Starbeamrainbowlabs

About

Hello!

I am a computer science student who is doing a PhD at the University of Hull. I started out teaching myself about various web technologies, and then I managed to get a place at University, where I am now. I've previously done a degree (BSc Computer Science) and a Masters (MSc Computer Science with Security and Distributed Computing) at the University of Hull. I've done a year in industry too, which I found to be particuarly helpful in learning about the workplace and the world.

I currently know C# + Monogame / XNA (+ WPF), HTML5, CSS3, Javascript (ES6 + Node.js), PHP, C / C++ (mainly for Arduino), and a bit of Python. Oh yeah, and I can use XSLT too.

I love to experiment and learn about new things on a regular basis. You can find some of the things that I've done in the labs and code sections of this website, or on GitHub. My current projects are Pepperminty Wiki, an entire wiki engine in a single file (the source code is spread across multiple files - don't worry!), and Nibriboard (a multi-user real-time infinite whiteboard), although the latter is in its very early stages.

I can also be found in a number of other different places around the web. I've compiled a list of the places that I can remember below.

I can be contacted at the email address webmaster at starbeamrainbowlabs dot com. Suggestions, bug reports and constructive criticism are always welcome.

For those looking for my GPG key, you can find it here. My key id is C2F7843F9ADF9FEE264ACB9CC1C6C0BB001E1725, and is uploaded to the public keyserver network, so you can download it with GPG like so: gpg --recv-keys C2F7843F9ADF9FEE264ACB9CC1C6C0BB001E1725

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Latest Post

Website change detection with headless Firefox and ImageMagick

This wasn't the script I had in mind in the previous blog post (so you can look forward to another blog post about it), but have you ever wanted to know when a web page changes? If it does change, it's almost impossible to tell where on the page it's changed. Recently, I was thinking about the problem, and realised a few things:

  • Firefox can be operated headlessly (with --headless) to take screenshots
  • ImageMagick must be advanced enough to diff images

With this in mind, I set about implementing a script. Before we continue, here's an example diff image:

It's rather tall because of the webpage I chose, but the bits that have changed appear in red. The script I've written also generates an animated PNG showing the difference too:

Again, it's very tall because of the page I tested with, but I think it's pretty cool!

If you'd like to check the script out for yourself, you find it in the following git repository: sbrl/url-diff

For the curious, the script in question is written in Bash. It uses apcalc (available in Debian / Ubuntu based Linux distributions with sudo apt install apcalc) to crunch the numbers, and headless Firefox + Imagemagick as described above to take the screenshots and do the image processing. It should in theory work on Windows, but you'll need to jump through a number of hoops:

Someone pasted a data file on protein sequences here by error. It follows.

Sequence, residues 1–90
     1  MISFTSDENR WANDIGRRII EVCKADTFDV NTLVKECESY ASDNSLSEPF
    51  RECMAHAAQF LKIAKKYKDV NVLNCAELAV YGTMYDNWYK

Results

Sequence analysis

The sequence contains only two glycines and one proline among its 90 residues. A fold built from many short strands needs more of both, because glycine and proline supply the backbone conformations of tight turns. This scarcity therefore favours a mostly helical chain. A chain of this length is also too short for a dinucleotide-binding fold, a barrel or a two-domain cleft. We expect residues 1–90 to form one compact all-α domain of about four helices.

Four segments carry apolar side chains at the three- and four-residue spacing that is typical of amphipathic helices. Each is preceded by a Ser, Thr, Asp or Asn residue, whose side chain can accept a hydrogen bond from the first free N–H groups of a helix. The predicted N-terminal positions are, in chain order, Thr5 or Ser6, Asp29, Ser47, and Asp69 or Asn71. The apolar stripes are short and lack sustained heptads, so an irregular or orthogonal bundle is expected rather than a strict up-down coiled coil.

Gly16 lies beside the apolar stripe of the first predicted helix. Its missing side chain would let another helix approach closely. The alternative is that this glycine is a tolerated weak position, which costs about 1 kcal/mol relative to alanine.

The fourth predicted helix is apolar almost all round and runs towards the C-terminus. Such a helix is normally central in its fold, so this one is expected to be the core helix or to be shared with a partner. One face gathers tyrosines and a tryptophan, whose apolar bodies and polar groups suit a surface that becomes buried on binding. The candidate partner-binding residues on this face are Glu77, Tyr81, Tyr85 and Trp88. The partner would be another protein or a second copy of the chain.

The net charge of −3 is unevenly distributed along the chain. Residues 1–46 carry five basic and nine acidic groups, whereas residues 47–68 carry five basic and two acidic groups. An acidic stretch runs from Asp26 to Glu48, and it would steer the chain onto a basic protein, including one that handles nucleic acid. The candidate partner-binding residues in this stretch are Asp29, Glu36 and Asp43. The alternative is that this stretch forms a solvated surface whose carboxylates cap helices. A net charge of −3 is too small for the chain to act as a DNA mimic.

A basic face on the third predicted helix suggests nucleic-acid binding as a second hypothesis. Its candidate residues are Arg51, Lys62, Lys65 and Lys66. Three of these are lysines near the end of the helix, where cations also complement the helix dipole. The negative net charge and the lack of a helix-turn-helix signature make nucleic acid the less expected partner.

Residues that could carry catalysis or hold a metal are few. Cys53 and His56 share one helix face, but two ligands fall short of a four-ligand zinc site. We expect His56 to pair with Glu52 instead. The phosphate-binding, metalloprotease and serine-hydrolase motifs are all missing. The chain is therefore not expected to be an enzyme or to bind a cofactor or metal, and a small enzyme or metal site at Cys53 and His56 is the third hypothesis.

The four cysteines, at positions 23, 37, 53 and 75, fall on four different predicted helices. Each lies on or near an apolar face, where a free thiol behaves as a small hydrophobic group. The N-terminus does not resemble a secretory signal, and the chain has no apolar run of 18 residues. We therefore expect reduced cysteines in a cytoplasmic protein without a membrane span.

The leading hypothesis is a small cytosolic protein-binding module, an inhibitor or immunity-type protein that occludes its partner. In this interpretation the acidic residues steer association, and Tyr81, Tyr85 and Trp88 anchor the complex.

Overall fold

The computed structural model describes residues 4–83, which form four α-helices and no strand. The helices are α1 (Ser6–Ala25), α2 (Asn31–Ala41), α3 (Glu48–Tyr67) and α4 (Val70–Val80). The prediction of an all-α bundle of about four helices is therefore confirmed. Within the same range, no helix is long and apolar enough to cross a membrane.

• Install call url-diff.sh from [git bash]()
  • Install [ImageMagick]() and make sure the binaries are in your PATH
  • Install Firefox and make sure firefox is in your PATH
  • Explicitly set the URLDIFF_STORAGE_DIR environment variable when calling the script (do this by prefixing the command at the bottom of this post with URLDIFF_STORAGE_DIR=path/to/directory)

With my fancy new embed system, I can show you the code behind it:

(Can't see the above? Check it out in the git repository.)

I'm working on line numbers (sadly the author of highlight.js doesn't like them, so an alternative solution is required).

Anyway, the basic layout of the script is as follows:

  1. First, the settings are read in and the default values set
  2. Then, I define some utility functions.
    • The calculate_percentage_colour function is integral to the image change detection algorithm. It counts percentage of an image that is a given colour.
  3. Next, the help text is displayed if necessary
  4. The case statement that follows allows multiple subcommands to be implemented. Currently I only have a check subcommand, but you never know!
  5. Inside this case statement, the screenshots are taken and compared.
    • A new screenshot is taken with headless Firefox
    • If we don't have a screenshot stored away already, we stash the new screenshot and exit
    • If we do have a pre-existing screenshot, we continue with the comparison, starting by generating a diff image where pixels that have changed are given 1 colour, and pixels that haven't changed another
    • It's at this point that calculate_percentage_colour is called to calculate how much of the image has changed - the diff image is passed in and the changed pixels are counted
    • If more than 2% (by default) has changed, then we continue on to generate the output images
    • The first output image consists of the new screenshot with the diff image overlaid - this is generated with some ImageMagick wizardry: -compose over -composite
    • The second is an animated PNG comprised of the old and new screenshots. This is generated with ffmpeg - which supports animated PNGs
    • Finally, the old screenshot that we have stored away is replaced with the new one

It sounds more complicated than it is - hopefully my above explanation makes sense (post a comment below if you're confused about something!).

You can call the script like so:

git clone https://git.starbeamrainbowlabs.com/sbrl/url-diff.git
cd url-diff;
./url-diff.sh check URL_HERE path/to/output_diff.png path/to/output.apng

....replacing URL_HERE with the URL to check, and the paths with the places you'd like to write the output images to.


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